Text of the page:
Despite its tiny size, the bee hummingbird is capable of beating its wings around 80 times a second in a figure-of-eight pattern, giving it the ability to hover and move with astonishing agility. During its intricate courtship display, the number of wing beats can increase to an almost unbelievable 200 times a second (4) (6). The breeding season is typically between March and June, and the female bee hummingbird constructs a tiny cup-shaped nest out of thin twigs, held together by cobwebs and lichens. The female then lays a clutch of 2 tiny eggs, no bigger than 6 millimetres in length, which are incubated for around 22 days. The new chicks are fed and cared for solely by the female, until leaving the nest after 18 days (2) (7).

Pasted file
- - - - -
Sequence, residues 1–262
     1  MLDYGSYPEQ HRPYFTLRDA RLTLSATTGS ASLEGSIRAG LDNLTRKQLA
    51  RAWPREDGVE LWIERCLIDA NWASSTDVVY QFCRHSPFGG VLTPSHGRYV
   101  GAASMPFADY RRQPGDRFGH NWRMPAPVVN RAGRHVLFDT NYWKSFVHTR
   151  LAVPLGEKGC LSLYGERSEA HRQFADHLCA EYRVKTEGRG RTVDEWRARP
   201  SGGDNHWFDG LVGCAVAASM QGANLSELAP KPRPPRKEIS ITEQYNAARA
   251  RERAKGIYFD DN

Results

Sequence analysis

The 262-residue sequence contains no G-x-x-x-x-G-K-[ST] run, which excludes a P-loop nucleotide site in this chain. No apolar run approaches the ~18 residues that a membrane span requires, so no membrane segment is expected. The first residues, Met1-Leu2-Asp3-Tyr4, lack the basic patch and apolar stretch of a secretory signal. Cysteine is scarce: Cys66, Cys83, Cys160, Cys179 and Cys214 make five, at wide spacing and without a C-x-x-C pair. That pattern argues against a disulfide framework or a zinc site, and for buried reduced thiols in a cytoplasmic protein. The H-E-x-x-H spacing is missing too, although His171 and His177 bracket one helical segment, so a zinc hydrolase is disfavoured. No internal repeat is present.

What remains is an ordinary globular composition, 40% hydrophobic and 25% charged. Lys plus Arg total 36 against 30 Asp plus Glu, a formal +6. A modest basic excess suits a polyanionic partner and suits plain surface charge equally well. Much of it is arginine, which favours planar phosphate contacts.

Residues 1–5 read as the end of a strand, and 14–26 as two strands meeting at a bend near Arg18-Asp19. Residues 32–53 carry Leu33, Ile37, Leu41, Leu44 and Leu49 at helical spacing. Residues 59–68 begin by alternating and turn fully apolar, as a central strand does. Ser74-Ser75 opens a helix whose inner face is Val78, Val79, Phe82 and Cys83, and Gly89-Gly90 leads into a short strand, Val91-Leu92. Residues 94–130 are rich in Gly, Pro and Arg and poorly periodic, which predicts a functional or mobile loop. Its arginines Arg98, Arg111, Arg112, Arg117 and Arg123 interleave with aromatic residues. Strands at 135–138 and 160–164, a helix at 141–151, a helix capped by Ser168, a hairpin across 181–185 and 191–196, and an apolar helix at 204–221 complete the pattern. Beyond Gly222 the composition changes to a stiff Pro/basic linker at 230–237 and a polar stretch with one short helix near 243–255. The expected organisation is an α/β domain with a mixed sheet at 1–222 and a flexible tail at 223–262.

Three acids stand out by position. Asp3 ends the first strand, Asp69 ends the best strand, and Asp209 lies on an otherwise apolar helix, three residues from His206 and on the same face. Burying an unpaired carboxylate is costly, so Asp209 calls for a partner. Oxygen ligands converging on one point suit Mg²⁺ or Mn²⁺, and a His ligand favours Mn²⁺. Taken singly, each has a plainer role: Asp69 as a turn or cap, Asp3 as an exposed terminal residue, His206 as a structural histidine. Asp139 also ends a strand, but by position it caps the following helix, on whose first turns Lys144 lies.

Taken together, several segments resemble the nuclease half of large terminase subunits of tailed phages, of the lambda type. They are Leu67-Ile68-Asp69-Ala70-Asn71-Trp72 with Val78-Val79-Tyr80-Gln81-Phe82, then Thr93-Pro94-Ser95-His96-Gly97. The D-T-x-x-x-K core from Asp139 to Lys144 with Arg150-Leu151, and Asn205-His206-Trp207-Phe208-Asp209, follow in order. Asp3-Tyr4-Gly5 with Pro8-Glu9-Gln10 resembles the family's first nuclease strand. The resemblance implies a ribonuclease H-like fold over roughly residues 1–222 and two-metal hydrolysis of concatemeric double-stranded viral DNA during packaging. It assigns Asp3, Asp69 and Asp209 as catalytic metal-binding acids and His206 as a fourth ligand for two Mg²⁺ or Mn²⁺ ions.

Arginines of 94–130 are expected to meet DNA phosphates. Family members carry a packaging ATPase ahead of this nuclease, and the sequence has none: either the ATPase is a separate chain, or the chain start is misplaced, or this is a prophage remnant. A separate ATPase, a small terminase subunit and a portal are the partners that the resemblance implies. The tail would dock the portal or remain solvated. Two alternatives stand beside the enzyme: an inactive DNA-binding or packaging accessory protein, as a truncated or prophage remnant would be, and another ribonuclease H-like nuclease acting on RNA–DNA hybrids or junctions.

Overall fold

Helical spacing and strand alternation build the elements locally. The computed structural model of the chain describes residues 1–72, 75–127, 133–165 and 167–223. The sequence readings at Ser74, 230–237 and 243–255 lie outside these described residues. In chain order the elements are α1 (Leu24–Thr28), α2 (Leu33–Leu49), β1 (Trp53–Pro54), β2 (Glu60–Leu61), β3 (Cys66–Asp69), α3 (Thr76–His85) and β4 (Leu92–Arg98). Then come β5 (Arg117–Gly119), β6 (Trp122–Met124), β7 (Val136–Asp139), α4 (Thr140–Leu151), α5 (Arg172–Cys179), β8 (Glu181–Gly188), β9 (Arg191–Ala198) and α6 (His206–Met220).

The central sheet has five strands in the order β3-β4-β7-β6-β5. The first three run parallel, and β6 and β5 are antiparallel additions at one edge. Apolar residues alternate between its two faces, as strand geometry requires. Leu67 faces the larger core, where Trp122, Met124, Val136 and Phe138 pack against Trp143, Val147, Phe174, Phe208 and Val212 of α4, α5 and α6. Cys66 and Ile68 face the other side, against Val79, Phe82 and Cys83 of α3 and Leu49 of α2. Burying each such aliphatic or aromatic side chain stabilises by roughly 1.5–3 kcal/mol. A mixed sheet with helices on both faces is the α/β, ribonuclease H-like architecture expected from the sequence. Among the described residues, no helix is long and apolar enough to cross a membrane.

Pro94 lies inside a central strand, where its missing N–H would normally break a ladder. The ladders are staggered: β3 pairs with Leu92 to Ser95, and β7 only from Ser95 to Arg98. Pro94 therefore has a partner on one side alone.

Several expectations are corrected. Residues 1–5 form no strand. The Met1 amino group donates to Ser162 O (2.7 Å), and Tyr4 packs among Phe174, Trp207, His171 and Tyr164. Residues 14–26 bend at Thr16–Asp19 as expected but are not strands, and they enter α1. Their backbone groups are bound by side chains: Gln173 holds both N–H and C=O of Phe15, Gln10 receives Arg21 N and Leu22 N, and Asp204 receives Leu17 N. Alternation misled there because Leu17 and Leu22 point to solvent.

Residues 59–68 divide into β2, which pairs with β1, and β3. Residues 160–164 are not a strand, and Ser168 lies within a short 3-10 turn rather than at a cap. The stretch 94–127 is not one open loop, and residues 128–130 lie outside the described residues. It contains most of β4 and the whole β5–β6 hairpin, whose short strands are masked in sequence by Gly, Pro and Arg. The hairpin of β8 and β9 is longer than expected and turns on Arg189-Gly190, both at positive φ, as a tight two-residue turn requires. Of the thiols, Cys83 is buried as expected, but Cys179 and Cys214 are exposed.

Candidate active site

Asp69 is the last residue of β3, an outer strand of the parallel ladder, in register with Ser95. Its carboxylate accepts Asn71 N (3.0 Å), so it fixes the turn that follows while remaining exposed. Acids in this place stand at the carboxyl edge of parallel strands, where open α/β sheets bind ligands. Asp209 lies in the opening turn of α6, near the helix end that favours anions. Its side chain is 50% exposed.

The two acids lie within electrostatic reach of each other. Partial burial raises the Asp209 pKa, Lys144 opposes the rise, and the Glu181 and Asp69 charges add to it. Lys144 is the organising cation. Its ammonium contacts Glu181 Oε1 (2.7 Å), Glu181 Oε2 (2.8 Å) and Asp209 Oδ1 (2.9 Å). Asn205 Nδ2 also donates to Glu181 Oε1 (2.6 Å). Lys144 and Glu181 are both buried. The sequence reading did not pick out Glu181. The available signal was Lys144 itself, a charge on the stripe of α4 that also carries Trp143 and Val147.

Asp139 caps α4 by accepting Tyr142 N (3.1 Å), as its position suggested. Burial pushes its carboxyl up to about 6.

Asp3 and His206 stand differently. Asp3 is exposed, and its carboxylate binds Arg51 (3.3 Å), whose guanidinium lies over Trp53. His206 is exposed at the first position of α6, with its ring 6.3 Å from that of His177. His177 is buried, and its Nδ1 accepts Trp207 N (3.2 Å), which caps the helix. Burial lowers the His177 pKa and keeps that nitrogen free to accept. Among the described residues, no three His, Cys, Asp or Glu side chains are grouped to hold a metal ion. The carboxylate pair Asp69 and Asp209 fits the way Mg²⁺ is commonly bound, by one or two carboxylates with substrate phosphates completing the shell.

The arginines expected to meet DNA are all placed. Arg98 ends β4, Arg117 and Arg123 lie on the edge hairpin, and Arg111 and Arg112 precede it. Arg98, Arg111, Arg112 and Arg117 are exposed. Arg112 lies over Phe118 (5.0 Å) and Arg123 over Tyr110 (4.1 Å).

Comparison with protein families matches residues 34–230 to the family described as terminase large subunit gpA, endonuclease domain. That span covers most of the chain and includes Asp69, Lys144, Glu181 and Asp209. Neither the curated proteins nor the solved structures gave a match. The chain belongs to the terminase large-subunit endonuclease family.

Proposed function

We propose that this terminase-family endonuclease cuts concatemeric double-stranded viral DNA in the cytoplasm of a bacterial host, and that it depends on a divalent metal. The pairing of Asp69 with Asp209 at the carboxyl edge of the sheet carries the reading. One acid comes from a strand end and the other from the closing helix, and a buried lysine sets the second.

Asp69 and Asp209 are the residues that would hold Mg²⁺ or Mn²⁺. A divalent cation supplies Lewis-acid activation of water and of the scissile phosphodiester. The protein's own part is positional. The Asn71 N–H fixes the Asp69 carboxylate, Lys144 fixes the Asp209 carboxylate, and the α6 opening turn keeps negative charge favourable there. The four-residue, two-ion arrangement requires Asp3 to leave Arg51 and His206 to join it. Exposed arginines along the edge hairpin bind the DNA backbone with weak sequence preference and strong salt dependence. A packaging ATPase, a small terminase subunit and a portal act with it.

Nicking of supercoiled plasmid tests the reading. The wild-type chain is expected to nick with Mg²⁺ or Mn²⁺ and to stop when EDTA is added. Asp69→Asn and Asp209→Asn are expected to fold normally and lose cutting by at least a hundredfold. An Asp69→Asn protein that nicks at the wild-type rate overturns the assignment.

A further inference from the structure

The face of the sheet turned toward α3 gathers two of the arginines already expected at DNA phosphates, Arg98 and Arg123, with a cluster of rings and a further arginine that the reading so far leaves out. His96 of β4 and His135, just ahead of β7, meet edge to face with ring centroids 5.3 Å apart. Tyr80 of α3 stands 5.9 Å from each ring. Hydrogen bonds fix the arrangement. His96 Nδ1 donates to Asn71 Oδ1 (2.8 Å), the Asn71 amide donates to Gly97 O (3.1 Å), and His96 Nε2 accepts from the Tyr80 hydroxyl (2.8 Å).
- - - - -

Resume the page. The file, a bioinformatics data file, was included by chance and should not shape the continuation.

The bee hummingbird preferentially feeds on nectar, which it obtains from a wide variety of plant species by inserting its bill into the flower of the plant while hovering horizontally above it. It will also eat small insects (2) (4). Because the bee hummingbird is so small, it must consume a large amount to meet its very high energetic demands, typically ingesting up to half its body mass in food each day, and up to eight times its body mass in water (6).